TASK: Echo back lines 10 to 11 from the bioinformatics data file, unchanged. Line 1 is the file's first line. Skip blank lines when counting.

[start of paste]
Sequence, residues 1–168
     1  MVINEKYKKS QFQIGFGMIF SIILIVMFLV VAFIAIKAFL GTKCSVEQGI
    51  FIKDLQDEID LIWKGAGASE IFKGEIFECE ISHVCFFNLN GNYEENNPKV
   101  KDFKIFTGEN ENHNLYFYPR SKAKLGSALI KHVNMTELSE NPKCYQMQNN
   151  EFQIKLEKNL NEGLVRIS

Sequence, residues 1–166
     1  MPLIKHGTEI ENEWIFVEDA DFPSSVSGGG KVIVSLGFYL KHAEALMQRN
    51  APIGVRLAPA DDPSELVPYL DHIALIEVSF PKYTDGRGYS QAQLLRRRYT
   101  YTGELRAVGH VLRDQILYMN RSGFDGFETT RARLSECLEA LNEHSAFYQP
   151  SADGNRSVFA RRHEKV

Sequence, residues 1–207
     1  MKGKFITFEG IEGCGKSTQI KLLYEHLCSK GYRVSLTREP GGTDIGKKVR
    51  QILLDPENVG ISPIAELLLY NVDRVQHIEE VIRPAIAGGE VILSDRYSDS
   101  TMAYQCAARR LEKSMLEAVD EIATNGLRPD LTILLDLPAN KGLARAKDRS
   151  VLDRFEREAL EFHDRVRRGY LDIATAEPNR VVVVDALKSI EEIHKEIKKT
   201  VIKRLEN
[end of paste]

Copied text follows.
   151  SADGNRSVFA RRHEKV

Sequence, residues 1–207